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AAPG Takes Witness Stand Again

Testimony Supports OCS

For the third time in two months, AAPG representatives testified before a U.S. congressional committee, this time focusing on access to Outer Continental Shelf areas.

Ben Hare, speaking as chairman of the AAPG Committee on Resource Evaluation, told the U.S. House Subcommittee on Energy and Mineral Resoures in mid-May in New Orleans that " ... OCS policy has forced the country to rely solely on the central and western Gulf of Mexico for offshore gas production. This reliance cannot last indefinitely."

Hare was accompanied by Naresh Kumar, of the AAPG CORE committee, and Dwight "Clint" Moore, of the Division of Professional Affairs.

Kumar testified in March before the U.S. House Resources Committee concerning the U.S. Geological Survey's resource evaluations. AAPG President Marlan W. Downey also testified before the House committee in March, urging access to OCS areas as well as tax relief for independent producers.

Hare's testimony was part of a day-long series of presentations before the panel chaired by Rep. Barbara Cubin, (R-Wyo.), who was joined by Jim Gibbon (R-Nev.) and David Vitter (R-La.) in hearing testimony.

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For the third time in two months, AAPG representatives testified before a U.S. congressional committee, this time focusing on access to Outer Continental Shelf areas.

Ben Hare, speaking as chairman of the AAPG Committee on Resource Evaluation, told the U.S. House Subcommittee on Energy and Mineral Resoures in mid-May in New Orleans that " ... OCS policy has forced the country to rely solely on the central and western Gulf of Mexico for offshore gas production. This reliance cannot last indefinitely."

Hare was accompanied by Naresh Kumar, of the AAPG CORE committee, and Dwight "Clint" Moore, of the Division of Professional Affairs.

Kumar testified in March before the U.S. House Resources Committee concerning the U.S. Geological Survey's resource evaluations. AAPG President Marlan W. Downey also testified before the House committee in March, urging access to OCS areas as well as tax relief for independent producers.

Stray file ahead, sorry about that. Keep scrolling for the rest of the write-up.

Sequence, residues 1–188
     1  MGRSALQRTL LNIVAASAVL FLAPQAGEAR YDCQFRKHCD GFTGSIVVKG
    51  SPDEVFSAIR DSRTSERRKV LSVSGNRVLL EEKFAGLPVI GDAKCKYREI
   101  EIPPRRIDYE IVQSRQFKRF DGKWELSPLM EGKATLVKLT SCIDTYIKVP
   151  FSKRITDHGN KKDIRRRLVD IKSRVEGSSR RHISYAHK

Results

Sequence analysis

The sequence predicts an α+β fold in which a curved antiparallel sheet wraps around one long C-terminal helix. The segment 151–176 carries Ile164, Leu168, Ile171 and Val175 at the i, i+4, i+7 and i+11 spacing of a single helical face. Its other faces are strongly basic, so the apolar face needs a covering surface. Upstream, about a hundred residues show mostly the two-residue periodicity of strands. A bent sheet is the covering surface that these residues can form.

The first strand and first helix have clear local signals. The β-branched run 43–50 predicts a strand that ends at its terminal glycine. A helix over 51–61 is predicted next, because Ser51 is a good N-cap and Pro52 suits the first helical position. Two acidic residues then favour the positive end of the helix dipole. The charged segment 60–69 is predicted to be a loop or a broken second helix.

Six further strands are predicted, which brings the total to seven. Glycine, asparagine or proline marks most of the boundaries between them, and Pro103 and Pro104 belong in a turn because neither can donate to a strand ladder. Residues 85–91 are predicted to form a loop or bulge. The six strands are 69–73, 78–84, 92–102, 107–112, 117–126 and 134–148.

Hare's testimony was part of a day-long series of presentations before the panel chaired by Rep. Barbara Cubin, (R-Wyo.), who was joined by Jim Gibbon (R-Nev.) and David Vitter (R-La.) in hearing testimony.

Several AAPG members contributed in the preparation of Hare's testimony, including Kumar, G. Warfield "Skip" Hobbs, Lee Gerhard, John R. Ritter and Earl Ritchie, all affiliated with the DPA.

Hare's testimony stated "Resource assessments indicate a sizable resource is present in currently restricted areas of the OCS. For those resources to be delineated and converted to reserves ultimately to 'supply,' exploration must take place. Both the eastern Gulf and the Atlantic OCS are known to have generated and trapped natural gas.

"AAPG believes all potential sources of energy and increased conservation of hydrocarbons should be mainstays of the national energy policy. AAPG believes full exploration of the OCS, while safeguarding the environment, must also be an important piece of that policy."

Hare also said conservation and enhanced efficiency are only part of the answer to supplying the energy to maintain a quality lifestyle.

"Sources alternative to hydrocarbons are not sufficient to meet demand," he said.

In making his case, Hare's testimony pointed to the gas potential of the OCS of 75 billion barrels of oil and 362 TCF of natural gas, including Alaska, as estimated by the MMS.

"Yet, by a 1998 presidential directive, there is presently a federal moratorium on any exploration of the Lower 48 OCS outside of the Central and Western Gulf of Mexico until 2012."

Meanwhile, Hare told the committee that "almost every country with marine waters is promoting exploration in (their) OCS and attempting to attract investment in their offshore, including the deep and ultra-deep waters.

"We believe that Canada, Great Britain, Norway, Brazil, India and numerous other nations all rightly understand that oil and gas development is vital to their economic well being and can be done with minimal environmental impact," he said. "That is why all of these countries are not only trying to explore the deep-water arena, they are competing in the world market for investment dollars for deep-water projects.

"Given the right environment, a lot of these investment dollars could be spent in U.S. waters," he continued, "providing jobs, helping the balance of trade and enhancing domestic supplies."

Hare also pointed out the success of exploration in the Canadian Atlantic -- both economically and environmentally -- and how the geology indicates the same potential extending south along the U.S. Atlantic Coast from George's Banks to the Carolina Trough, a distance of almost 1,000 miles.

In a statement to the panel, Hare pointed out that there have been indications of sizeable reserves found in the Destin Dome area of the Florida Panhandle, and a discovery at Hudson Canyon off the New Jersey coast.

"For those resources to be converted to reserves and ultimately supply to meet the nation's energy needs," he said, "exploration and production must occur."

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